Ask yourself this question: what if everything could be queried with SQL? Microsoft's LogParser does just that. It lets you slice and dice a variety of log file types using a common SQL-like syntax. It's an incredibly powerful concept, and the LogParser implementation doesn't disappoint. This architecture diagram from the LogParser documentation explains it better than I could:
The excellent forensic IIS log exploration with LogParser article is a good starting point for sample LogParser IIS log queries. Note that I am summarizing just the SQL clauses; I typically output to the console, so the actual, complete commandline would be
logparser "(sql clause)" -rtp:-1
Top 10 items retrieved:
SELECT TOP 10 cs-uri-stem as Url, COUNT(cs-uri-stem) AS Hits FROM ex*.log GROUP BY cs-uri-stem ORDER BY Hits DESC
Top 10 slowest items:
SELECT TOP 10 cs-uri-stem AS Url, MIN(time-taken) as [Min], AVG(time-taken) AS [Avg], max(time-taken) AS [Max], count(time-taken) AS Hits FROM ex*.log WHERE time-taken < 120000 GROUP BY Url ORDER BY [Avg] DESC
All Unique Urls retrieved:
SELECT DISTINCT TO_LOWERCASE(cs-uri-stem) AS Url, Count(*) AS Hits FROM ex*.log WHERE sc-status=200 GROUP BY Url ORDER BY Url
HTTP errors per hour:
SELECT date, QUANTIZE(time, 3600) AS Hour, sc-status AS Status, COUNT(*) AS Errors FROM ex*.log WHERE (sc-status >= 400) GROUP BY date, hour, sc-status HAVING (Errors > 25) ORDER BY Errors DESC
HTTP errors ordered by Url and Status:
SELECT cs-uri-stem AS Url, sc-status AS Status, COUNT(*) AS Errors FROM ex*.log WHERE (sc-status >= 400) GROUP BY Url, Status ORDER BY Errors DESC
Win32 error codes by total and page:
SELECT cs-uri-stem AS Url, WIN32_ERROR_DESCRIPTION(sc-win32-status) AS Error, Count(*) AS Total FROM ex*.log WHERE (sc-win32-status > 0) GROUP BY Url, Error ORDER BY Total DESC
HTTP methods (GET, POST, etc) used per Url:
SELECT cs-uri-stem AS Url, cs-method AS Method, Count(*) AS Total FROM ex*.log WHERE (sc-status < 400 or sc-status >= 500) GROUP BY Url, Method ORDER BY Url, Method
Bytes sent from the server:
SELECT cs-uri-stem AS Url, Count(*) AS Hits, AVG(sc-bytes) AS Avg, Max(sc-bytes) AS Max, Min(sc-bytes) AS Min, Sum(sc-bytes) AS TotalBytes FROM ex*.log GROUP BY cs-uri-stem HAVING (Hits > 100) ORDER BY [Avg] DESC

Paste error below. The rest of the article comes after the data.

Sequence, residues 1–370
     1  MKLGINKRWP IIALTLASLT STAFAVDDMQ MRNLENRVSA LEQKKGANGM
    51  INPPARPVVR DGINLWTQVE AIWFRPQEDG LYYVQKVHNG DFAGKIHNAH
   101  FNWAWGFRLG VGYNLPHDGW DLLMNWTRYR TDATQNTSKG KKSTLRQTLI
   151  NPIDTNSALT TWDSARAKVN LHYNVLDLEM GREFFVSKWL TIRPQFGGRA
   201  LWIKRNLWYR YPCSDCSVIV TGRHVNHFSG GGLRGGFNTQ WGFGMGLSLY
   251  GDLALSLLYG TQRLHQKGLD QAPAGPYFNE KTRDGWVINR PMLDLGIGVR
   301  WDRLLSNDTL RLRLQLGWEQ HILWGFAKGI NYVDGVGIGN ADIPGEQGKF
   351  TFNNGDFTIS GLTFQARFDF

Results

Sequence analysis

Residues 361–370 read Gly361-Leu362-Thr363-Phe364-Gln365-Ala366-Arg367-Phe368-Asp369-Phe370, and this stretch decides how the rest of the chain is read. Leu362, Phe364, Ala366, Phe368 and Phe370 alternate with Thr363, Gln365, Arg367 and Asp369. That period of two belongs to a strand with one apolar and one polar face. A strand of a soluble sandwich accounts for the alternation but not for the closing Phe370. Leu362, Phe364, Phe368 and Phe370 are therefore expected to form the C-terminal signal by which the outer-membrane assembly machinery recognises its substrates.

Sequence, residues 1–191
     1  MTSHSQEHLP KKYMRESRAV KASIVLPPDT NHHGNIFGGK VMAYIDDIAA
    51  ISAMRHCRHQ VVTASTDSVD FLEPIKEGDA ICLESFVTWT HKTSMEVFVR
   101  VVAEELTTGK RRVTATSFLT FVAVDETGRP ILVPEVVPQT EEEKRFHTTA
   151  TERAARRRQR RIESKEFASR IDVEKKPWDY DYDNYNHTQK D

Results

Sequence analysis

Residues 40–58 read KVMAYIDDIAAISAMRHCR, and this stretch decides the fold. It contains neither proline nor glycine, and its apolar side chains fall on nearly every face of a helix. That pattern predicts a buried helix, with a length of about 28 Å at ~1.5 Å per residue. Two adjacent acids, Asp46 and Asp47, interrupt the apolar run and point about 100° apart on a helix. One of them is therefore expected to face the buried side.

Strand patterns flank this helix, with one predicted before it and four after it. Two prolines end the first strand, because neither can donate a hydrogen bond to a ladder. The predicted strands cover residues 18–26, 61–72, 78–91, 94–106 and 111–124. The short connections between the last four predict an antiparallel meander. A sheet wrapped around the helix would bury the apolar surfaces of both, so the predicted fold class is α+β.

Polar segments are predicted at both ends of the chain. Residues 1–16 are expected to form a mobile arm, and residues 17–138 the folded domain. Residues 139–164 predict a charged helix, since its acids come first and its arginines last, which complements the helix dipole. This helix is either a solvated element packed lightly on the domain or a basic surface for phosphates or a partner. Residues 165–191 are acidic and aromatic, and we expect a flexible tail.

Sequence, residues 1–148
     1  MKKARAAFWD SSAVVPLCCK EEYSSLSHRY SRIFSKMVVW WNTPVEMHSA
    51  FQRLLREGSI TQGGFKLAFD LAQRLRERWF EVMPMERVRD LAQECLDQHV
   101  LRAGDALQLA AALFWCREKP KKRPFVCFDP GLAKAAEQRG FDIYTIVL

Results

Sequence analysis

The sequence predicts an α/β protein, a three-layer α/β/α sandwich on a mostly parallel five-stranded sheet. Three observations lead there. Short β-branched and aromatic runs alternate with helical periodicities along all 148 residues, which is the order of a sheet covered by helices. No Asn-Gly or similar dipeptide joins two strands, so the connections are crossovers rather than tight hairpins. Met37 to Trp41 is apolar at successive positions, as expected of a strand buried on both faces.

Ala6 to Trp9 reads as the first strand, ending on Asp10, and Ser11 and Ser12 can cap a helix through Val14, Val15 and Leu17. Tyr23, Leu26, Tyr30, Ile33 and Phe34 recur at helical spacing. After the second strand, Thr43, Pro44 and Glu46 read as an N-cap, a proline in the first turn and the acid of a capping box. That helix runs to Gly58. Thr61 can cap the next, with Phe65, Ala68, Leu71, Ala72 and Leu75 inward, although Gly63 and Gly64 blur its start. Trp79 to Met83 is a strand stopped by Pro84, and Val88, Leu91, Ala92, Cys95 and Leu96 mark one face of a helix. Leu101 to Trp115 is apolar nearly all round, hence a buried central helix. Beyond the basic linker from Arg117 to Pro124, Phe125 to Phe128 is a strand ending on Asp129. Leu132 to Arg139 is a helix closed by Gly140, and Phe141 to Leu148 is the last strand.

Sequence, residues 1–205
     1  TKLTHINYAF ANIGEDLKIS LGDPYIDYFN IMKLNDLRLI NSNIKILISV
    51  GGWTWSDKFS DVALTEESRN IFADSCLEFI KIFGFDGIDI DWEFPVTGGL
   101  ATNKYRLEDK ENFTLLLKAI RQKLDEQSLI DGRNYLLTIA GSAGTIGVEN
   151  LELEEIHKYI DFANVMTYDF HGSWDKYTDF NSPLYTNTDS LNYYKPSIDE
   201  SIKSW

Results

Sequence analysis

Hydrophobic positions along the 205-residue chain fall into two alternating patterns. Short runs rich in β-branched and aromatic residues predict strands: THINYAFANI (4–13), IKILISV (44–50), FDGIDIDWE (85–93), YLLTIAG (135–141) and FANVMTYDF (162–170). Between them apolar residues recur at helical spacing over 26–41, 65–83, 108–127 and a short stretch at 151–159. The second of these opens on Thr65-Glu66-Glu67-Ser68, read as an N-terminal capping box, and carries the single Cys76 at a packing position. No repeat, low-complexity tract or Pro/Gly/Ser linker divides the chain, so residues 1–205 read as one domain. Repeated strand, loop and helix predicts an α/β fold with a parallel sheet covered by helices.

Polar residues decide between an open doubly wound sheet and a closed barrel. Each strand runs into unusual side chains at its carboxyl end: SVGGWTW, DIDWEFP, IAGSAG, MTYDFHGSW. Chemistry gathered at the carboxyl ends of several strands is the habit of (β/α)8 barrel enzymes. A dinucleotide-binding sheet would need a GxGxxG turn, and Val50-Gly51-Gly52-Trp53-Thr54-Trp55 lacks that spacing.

Bytes sent from the client:
SELECT cs-uri-stem AS Url, Count(*) AS Hits, AVG(cs-bytes) AS Avg, Max(cs-bytes) AS Max, Min(cs-bytes) AS Min, Sum(cs-bytes) AS TotalBytes FROM ex*.log GROUP BY Url HAVING (Hits > 100) ORDER BY [Avg] DESC
There's an entire book about LogParser, and Mike Gunderloy even started an unofficial LogParser fansite.
Here are a few other articles I found that touch on different aspects of LogParser:
- Graphing PING results
- Generating XML output and Excel 2003 XML pivots
- Auditing the Event Logs
- Querying an RSS Feed
- Professor Windows: How LogParser Works
Although LogParser is 96.44% awesome, there are a few things that I didn't like about it:
- I really, really need a standard deviation function. Min, Max, and Avg are nice but totally inadequate for determining how variable something is.
- The graphing output is cool-- but it's also a MS Office dependency. If you try to graph something on a machine without Office installed, you'll get an error.
- The automatic detection of column types in CSV files isn't always reliable. This meant I couldn't graph some numeric values in my PerfMon dumps because LogParser decided they were strings. I couldn't find any way to force a column to be detected as a certain type, either.
Of course, the idea of SQL being used to query a bunch of stuff isn't exactly a new one; Microsoft's WQL (WMI Query Language) is similar but more annoying and less powerful. And you'll get tons of hits if you logically extend this concept to querying HTML, too. Just try searching Google for Web Query Language.